Maternal intimate partner violence exposure, child cortisol reactivity and child asthma

Megan H. Bair-Merritt, Kristin Voegtline, Sharon R. Ghazarian, Douglas A. Granger, Clancy Blair, Sara B. Johnson, Lynne Vernon Feagans, Martha Cox, Peg Burchinal, Linda Burton, Keith Crnic, Ann Crouter, Patricia Garrett-Peters, Mark Greenberg, Stephanie Lanza, Roger Mills-Koonce, Debra Skinner, Emily Werner, Michael Willoughby

Research output: Contribution to journalArticlepeer-review

26 Scopus citations


Psychosocial stressors like intimate partner violence (IPV) exposure are associated with increased risk of childhood asthma. Longitudinal studies have not investigated the role of hypothalamic-pituitary-adrenal (HPA) axis reactivity (and associated alterations in cortisol release) in the child IPV exposure-asthma association. We sought to investigate this association, and to assess whether this relationship differs by child HPA reactivity. This secondary analysis used longitudinal cohort data from the Family Life Project. Participants included 1,292 low-income children and mothers; maternal interview and child biomarker data, including maternal report of IPV and child asthma, and child salivary cortisol obtained with validated stress reactivity paradigms, were collected when the child was 7, 15, 24, 35, and 48 months. Using structural equation modeling, maternal IPV when the child was 7 months of age predicted subsequent reports of childhood asthma (B =0.18, p = .002). This association differed according to the child's HPA reactivity status, with IPV exposed children who were HPA reactors at 7 and 15 months of age - defined as a ≥10% increase in cortisol level twenty minutes post peak arousal during the challenge tasks and a raw increase of at least 02. μg/dl - being significantly at risk for asthma (7 months: B =0.17, p = .02; 15 months: B =0.17, p = .02). Our findings provide support that children who are physiologically reactive are the most vulnerable to adverse health outcomes when faced with environmental stressors.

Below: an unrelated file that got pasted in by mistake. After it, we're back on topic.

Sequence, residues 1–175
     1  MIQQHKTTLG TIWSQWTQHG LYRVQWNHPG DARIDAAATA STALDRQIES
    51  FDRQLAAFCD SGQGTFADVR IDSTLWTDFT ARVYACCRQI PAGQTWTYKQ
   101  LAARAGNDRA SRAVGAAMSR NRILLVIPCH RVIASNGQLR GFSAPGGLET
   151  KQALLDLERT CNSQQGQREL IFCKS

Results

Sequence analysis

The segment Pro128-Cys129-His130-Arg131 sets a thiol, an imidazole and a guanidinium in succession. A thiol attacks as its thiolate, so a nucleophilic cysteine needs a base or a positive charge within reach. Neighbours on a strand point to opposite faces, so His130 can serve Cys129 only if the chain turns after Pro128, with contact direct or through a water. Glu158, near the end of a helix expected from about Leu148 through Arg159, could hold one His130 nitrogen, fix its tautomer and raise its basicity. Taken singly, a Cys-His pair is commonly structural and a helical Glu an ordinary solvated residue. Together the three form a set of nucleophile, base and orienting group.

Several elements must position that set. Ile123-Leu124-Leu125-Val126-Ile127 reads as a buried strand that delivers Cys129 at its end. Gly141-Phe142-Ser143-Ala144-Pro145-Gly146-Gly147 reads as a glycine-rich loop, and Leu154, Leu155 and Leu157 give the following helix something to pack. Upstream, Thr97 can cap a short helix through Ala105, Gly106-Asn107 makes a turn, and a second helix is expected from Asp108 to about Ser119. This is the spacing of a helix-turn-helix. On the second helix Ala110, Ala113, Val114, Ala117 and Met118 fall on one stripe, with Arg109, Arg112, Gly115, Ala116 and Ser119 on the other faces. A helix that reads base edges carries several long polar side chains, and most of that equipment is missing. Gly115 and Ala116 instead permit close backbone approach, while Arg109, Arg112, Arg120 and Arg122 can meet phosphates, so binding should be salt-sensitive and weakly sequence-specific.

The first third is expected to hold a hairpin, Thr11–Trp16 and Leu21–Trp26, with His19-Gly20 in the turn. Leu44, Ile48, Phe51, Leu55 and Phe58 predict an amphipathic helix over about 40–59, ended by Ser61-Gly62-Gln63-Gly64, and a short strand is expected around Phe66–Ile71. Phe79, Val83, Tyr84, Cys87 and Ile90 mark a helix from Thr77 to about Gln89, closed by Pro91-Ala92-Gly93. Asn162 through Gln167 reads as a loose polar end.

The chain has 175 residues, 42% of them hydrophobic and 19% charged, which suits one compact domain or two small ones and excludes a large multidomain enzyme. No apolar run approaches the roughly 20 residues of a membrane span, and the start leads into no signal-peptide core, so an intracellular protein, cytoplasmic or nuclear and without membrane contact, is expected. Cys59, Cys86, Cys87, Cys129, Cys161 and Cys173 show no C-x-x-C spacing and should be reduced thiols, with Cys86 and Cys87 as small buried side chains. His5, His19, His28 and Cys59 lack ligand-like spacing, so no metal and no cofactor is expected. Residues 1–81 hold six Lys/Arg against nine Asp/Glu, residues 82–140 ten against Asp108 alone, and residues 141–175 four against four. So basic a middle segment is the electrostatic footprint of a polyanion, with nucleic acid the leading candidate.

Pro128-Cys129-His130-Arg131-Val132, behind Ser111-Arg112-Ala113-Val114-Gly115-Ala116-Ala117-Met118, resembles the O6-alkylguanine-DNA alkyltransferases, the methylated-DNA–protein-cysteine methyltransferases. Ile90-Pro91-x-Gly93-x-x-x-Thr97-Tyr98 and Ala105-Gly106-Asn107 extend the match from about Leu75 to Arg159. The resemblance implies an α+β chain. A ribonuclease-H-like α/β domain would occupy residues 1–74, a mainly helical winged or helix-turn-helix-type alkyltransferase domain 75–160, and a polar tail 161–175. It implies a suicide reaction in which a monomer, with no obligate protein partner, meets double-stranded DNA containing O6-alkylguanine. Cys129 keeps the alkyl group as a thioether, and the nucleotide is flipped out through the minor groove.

Original languageEnglish (US)
Pages (from-to)50-57
Number of pages8
JournalChild Abuse and Neglect
StatePublished - 2015


  • Asthma
  • Cortisol
  • Intimate partner violence
  • Longitudinal

ASJC Scopus subject areas

  • Pediatrics, Perinatology, and Child Health
  • Developmental and Educational Psychology
  • Psychiatry and Mental health


Dive into the research topics of 'Maternal intimate partner violence exposure, child cortisol reactivity and child asthma'. Together they form a unique fingerprint.

Cite this